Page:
Skip to main content

View Diary: My Little Town 20111228: Telephone Calls (190 comments)

Comment Preferences

  •  I remember when... (1+ / 0-)
    Recommended by:
    Translator

    ... we all (academics & military) used the same network. Then I heard that the military was building its own parallel network & I wondered why -- I didn't appreciate how totally insecure the network we were using was. This must have been in the early 80's or late 70's, when I was in grad school.

    •  Reply to both of you: (0+ / 0-)

      Once it got off the ground, it was sort of open, but my sources tell me that in the beginning it was what we call "close hold".

      Warmest regards,

      Doc

      I do not believe in anything.

      by Translator on Fri Dec 30, 2011 at 02:36:42 AM PST

      [ Parent ]

      •  Are both positions correct? (1+ / 0-)
        Recommended by:
        Translator

        IIRC, access to the ARPAnet was very limited, in that only certain people had access. So in that sense it was closely held.

        OTOH, that doesn't mean that it was secure. As a research vehicle, it was a benefit for the architecture to be "open" (meaning that how it worked was openly documented, not that it was available to everyone).

      •  Universities dominated (1+ / 0-)
        Recommended by:
        Translator

        The original ARPANET sites included universities, and neither the users nor the programmers doing the network code had security clearances.  This was the Vietnam War era, and a lot of the people had mixed feelings about doing a neat project like that with Pentagon money...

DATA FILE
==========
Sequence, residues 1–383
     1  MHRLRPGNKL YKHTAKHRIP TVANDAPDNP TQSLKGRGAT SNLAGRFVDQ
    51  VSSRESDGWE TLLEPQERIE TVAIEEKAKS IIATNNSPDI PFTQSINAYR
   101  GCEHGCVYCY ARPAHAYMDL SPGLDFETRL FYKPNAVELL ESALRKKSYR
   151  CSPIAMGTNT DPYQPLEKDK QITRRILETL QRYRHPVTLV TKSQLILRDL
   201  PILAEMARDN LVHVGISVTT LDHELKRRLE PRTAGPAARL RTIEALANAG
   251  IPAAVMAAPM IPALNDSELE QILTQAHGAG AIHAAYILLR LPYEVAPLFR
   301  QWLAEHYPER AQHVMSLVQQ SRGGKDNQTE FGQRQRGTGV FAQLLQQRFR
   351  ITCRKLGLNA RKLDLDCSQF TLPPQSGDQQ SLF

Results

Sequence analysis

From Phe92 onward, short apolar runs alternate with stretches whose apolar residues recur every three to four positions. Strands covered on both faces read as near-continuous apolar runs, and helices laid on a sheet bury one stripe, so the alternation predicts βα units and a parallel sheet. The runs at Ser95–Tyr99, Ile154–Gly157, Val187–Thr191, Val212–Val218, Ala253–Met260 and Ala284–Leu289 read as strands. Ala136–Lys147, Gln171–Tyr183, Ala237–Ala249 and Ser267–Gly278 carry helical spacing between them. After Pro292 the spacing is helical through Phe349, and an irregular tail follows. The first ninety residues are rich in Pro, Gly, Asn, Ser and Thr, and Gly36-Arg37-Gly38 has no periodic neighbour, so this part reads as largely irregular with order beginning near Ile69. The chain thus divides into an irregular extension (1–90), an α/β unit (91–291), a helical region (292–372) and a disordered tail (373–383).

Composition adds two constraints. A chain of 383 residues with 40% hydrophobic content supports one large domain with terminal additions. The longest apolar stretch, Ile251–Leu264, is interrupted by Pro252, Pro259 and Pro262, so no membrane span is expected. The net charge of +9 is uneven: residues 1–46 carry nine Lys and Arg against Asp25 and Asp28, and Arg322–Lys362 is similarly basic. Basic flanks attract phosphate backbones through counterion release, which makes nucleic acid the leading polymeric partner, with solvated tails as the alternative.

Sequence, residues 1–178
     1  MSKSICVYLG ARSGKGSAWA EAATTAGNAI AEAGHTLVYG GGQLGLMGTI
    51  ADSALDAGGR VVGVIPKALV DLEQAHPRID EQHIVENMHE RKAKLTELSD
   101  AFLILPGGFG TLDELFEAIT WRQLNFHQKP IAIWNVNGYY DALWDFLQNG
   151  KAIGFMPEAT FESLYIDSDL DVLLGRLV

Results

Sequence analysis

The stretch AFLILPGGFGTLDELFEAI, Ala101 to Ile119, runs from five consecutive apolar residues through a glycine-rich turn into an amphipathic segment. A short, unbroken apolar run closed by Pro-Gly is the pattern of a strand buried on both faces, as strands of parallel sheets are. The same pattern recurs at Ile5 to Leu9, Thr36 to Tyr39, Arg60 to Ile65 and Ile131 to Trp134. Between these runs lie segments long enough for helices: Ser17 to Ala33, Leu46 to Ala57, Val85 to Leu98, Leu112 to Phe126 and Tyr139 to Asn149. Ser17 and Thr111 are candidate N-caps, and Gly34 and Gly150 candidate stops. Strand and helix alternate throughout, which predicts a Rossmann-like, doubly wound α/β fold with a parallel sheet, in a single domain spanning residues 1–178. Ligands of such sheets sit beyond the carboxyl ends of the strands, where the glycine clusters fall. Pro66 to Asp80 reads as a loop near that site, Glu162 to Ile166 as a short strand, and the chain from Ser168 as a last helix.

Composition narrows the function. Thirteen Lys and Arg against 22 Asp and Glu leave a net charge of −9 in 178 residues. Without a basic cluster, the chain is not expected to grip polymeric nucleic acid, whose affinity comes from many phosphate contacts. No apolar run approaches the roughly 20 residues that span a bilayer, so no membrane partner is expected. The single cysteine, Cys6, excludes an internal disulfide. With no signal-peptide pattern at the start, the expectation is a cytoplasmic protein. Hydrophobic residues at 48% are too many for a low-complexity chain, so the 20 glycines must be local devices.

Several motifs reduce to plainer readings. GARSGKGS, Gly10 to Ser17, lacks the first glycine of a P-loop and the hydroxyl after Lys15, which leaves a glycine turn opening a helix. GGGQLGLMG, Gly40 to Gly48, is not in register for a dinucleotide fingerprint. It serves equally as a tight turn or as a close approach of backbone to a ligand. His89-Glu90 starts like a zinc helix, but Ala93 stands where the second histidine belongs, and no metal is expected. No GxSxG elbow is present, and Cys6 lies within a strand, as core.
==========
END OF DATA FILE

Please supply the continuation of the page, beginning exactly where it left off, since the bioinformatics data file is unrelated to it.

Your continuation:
MILNET split its operations from ARPANET around 1983, at which point it literally became The Internet, meaning a network of interconnected networks. The whole Internet idea is that each network is autonomous, but they still exchange traffic.

        •  Very much CS research in early 80's... (2+ / 0-)
          Recommended by:
          K S LaVida, Translator

          ...was funded by DARPA (Defense Advanced Research Projects Agency), just as nearly all CS research during WW2 was funded by the military.

          Certainly my research was DARPA funded, at MIT. My work had nothing to do with military applications -- that was enough for me (as someone who turned 18 a year and a half before the Viet Nam war ended).

          I thought it was great that DARPA was funding so much general-use (not explicitly military) CS research. The explicitly military research was done at Lawrence Livermore Labs.

Subscribe or Donate to support Daily Kos.

Click here for the mobile view of the site